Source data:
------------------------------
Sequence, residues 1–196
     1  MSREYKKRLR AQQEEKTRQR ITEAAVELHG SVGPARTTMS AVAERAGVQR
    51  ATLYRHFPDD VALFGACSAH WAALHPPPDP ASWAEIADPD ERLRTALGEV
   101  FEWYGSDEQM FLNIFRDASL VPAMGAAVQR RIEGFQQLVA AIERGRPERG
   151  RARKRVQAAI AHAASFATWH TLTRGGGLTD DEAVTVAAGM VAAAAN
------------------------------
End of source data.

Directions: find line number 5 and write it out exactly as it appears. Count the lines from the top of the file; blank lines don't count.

   151  RARKRVQAAI AHAASFATWH TLTRGGGLTD DEAVTVAAGM VAAAAN